Following the sudden death of my 30-year-old husband, Jacob Johnson, the shock was engulfing. Pain is too soft a word. He had no known health problems, nor had he been sick. The autopsy revealed a tear in his aorta, a rare abnormality in young men. The coroner could not explain the underlying cause for the fatal gash along his main artery, but we do know that blood surged through Jacob’s chest, surrounded his heart, and made it impossible to continue beating.
I was at home with him when it happened, napping in the next room. Did he call out for me, had I not heard him? I found him in an upright position, looking as though he had fainted. When my hand touched his cheek to wake him, a terrifying knowledge enveloped me - my husband was dead. Medics were not able to revive him, I was defenseless in his most vulnerable state.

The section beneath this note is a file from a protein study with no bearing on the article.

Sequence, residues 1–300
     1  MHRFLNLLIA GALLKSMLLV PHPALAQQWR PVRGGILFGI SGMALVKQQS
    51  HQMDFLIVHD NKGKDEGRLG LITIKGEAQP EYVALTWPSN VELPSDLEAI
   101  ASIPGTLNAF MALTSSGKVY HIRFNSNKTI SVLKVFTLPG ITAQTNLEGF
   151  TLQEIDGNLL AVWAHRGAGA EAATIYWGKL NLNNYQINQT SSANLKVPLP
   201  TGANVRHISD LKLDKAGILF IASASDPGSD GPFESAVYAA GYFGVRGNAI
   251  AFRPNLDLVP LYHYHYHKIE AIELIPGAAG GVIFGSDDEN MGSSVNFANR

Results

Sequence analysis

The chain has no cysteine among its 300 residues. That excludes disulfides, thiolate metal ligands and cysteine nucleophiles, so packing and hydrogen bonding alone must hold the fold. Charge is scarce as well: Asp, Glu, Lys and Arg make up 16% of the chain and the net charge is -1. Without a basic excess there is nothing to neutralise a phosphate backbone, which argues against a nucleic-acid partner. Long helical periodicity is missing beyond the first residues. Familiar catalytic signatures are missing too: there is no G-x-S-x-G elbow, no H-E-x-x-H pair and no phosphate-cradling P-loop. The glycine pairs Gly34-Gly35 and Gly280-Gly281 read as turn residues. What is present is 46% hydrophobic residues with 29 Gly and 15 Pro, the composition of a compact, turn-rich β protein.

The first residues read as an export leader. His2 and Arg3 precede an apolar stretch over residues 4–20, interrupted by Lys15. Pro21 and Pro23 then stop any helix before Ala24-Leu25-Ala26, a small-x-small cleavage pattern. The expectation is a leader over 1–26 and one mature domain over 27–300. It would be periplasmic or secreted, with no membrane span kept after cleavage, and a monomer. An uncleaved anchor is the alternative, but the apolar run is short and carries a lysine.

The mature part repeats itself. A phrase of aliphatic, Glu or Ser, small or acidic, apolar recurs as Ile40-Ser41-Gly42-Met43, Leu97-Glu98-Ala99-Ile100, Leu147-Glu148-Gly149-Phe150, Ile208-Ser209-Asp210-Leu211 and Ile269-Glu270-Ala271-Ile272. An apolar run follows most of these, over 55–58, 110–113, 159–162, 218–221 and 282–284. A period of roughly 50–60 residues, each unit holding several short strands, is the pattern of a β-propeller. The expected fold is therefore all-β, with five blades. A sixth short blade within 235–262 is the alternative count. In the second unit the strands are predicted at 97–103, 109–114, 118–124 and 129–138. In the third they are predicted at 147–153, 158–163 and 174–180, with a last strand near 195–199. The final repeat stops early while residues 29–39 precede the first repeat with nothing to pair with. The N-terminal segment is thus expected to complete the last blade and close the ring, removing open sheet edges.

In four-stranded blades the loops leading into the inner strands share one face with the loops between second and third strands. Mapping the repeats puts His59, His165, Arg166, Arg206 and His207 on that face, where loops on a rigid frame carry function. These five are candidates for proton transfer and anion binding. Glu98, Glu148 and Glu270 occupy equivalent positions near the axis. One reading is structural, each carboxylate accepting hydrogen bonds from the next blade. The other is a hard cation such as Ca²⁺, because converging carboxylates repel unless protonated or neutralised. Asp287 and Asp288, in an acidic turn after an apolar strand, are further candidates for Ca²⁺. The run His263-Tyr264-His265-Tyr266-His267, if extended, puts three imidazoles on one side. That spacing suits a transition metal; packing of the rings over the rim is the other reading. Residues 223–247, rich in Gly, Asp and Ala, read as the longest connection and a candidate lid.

How could someone so seemingly healthy cease to exist? Genetic tests clarified nothing. In a world where so many questions can be answered instantly, his death remains unsolvable. Nearly two years later, the mystery continues to baffle me. He was just here, how could he be gone? I feel a pang of jealousy when I see scar along a man’s chest - why could he not be saved?
He supported my passion in photography, collaborated in making images and was matched in my desire to document our life. Our vast photo archive - some 15,000 images - serves as a meaningful reminder of the incredible partner he was. The photos allow me to stay close to our memories as the time I’ve spent without him grows longer. Everyday moments I captured - like a walk through a park, or a morning in bed - take on new meaning in light of his death. They echo the haunting feelings of his sudden and irreversible void.
This series, Gone, seeks to explore the pain, trauma and beauty I have experienced as a young widow. In these images, his presence and his absence are equally felt. They are proof that he was here, and that he is gone.